Our World in Data had a great piece on the impact of “learning curves”/”experience curves” in the production of electricity from renewable sources.
Fossil fuel costs are driven by the cost of fuel and the operating costs of the plant.
The key cost in a renewable plant on the other hand is the cost of the technology [e.g. the solar cell].
The moment we talk about the cost of technology, however, we get into the realm of learning curves.
As installation and adoption of technology grows, we become more efficient. For an analogy, think of the impact of Moore’s law for semiconductors.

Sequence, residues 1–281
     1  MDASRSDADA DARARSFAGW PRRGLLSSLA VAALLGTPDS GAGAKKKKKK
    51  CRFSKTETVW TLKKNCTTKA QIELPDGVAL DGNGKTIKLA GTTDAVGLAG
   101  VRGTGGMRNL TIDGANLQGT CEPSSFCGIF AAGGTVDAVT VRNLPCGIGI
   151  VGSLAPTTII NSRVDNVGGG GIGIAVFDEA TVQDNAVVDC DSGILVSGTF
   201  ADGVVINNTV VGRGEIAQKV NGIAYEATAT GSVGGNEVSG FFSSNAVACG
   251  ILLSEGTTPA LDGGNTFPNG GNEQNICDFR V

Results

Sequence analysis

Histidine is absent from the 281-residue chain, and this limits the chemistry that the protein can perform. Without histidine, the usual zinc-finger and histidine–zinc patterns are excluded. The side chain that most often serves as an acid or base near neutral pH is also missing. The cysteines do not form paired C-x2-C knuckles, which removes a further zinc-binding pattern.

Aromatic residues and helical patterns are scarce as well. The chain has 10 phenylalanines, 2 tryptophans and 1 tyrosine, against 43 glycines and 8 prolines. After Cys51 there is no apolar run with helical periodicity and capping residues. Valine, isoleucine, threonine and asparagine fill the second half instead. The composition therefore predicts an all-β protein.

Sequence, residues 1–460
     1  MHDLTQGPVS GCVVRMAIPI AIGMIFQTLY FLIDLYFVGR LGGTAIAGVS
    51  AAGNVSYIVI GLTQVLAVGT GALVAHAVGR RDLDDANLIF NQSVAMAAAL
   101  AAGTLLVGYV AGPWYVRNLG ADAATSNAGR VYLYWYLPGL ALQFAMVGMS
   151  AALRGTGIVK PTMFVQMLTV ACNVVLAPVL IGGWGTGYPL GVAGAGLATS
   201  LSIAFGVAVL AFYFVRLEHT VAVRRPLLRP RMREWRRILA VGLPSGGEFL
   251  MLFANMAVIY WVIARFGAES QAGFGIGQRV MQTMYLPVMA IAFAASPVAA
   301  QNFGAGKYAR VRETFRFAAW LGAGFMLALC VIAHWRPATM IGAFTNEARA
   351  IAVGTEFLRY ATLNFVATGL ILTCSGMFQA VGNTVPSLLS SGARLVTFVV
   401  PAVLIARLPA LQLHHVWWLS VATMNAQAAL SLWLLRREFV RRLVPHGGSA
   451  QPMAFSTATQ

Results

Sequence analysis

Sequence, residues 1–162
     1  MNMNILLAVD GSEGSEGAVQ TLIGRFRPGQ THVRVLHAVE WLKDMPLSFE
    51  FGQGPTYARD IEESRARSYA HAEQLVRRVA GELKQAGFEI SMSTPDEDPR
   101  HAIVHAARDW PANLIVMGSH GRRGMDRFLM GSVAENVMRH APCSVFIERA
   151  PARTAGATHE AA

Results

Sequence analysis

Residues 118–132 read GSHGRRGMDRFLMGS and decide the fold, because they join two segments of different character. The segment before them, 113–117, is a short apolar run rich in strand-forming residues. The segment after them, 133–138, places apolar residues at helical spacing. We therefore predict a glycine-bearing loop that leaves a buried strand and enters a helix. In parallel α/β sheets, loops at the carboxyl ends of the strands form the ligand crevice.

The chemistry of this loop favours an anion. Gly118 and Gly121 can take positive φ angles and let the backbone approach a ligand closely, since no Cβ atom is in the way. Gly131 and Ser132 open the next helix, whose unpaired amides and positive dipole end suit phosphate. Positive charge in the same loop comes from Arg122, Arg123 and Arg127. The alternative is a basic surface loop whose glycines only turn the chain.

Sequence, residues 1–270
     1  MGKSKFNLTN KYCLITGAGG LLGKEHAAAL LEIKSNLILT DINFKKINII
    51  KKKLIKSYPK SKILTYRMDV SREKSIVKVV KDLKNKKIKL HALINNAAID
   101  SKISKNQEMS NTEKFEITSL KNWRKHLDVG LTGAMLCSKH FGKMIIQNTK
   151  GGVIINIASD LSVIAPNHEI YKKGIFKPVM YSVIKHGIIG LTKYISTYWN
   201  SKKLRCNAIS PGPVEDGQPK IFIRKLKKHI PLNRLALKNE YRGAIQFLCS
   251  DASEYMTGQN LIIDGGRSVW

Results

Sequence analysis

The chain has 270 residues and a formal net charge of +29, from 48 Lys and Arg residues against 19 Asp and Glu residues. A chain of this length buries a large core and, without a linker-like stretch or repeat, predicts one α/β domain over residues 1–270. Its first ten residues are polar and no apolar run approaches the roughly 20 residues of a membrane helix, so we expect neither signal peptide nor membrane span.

That, in turn, leads to a graph that looks like this. Solar has become the cheapest form of electricity and we aren’t done yet.
This graph does not yet solve all our problems. In areas where the weather is volatile, we still have to factor in costs of storage. But, again, storage technology also follows the experience curve. So, even if storage is expensive now, things will look very different in a decade.
There is a lot to love about renewable energy outside of the impact on its planet.
Solar and wind powered electricity are also the safest sources of energy by a distance.
Thanks to experience curves, adopting renewable energy around the world is well on its way to becoming the obvious choice.
And that is fantastic.